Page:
Prior to telecare being incorporated into the community alarm service, the post holders carried out maintenance, repairs and battery management for the former Grampian Region. As telecare was developing each area established their own methods of working and this enabled Aberdeen City to utilise the post holders for the telecare service. Their wealth of knowledge and expertise allowed the service to develop rapidly, once the decision had been taken to incorporate with community alarm.
Reducing levels of delayed discharge from hospital by providing specialist care at home or in care homes in the community; avoiding unnecessary admissions to hospital by supporting community-based alternatives to hospital admission; expanding and promoting choices for older people in anticipatory care planning; ensuring staff have the right skills to be able to appropriately and effectively support people at home.
Review the council medication policy to ensure robust processes were in place for carers managing and administering medicines.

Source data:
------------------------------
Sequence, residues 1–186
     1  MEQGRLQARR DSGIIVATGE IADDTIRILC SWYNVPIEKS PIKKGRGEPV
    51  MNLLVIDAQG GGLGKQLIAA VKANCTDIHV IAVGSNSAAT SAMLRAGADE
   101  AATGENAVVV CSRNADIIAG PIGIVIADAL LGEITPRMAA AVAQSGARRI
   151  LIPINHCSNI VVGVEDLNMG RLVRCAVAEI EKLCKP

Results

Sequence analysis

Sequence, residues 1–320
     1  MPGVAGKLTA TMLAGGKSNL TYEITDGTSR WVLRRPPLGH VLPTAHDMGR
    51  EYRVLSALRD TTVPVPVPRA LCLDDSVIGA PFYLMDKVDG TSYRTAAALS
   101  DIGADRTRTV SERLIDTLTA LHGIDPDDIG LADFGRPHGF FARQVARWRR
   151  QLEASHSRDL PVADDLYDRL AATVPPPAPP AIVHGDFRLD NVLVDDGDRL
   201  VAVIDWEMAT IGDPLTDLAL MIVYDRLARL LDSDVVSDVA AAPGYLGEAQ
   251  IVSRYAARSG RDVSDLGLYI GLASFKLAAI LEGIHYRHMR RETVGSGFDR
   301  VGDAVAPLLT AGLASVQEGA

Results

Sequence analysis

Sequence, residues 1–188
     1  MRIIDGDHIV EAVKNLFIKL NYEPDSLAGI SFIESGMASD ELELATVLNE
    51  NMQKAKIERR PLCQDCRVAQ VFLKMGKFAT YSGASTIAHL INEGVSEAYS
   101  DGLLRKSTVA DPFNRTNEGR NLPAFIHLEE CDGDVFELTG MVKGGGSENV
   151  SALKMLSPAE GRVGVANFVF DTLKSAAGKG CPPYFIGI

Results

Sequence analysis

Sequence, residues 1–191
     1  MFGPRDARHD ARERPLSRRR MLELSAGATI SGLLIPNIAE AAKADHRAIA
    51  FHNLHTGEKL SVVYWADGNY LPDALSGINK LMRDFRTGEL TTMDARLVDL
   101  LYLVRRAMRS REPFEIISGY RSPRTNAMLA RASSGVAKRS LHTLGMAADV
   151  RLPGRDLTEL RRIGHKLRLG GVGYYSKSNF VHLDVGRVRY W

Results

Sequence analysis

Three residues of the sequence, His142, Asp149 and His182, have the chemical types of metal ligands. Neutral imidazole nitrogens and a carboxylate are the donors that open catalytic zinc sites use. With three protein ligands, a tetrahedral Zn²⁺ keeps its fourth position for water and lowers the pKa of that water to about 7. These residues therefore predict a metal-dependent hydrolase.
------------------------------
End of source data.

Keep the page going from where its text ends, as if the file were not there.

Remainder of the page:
Due to shifting the balance of care, more patients with complex health needs are being looked after in the community therefore there is a need for specialist pharmaceutical care input, normally only available in the hospital setting.
The need for training that was merged and developed, if you will, to find the right balance between the needs of our clients and the needs of our volunteers. Existing training for befrienders was felt too ‘cold’ and failed to take into account the range of needs and aspirations of older people themselves – and the relationships which develop from such initiatives.
Older people and volunteers were unimpressed with existing training, and had viewed several packages; this was a truly co-productive approach.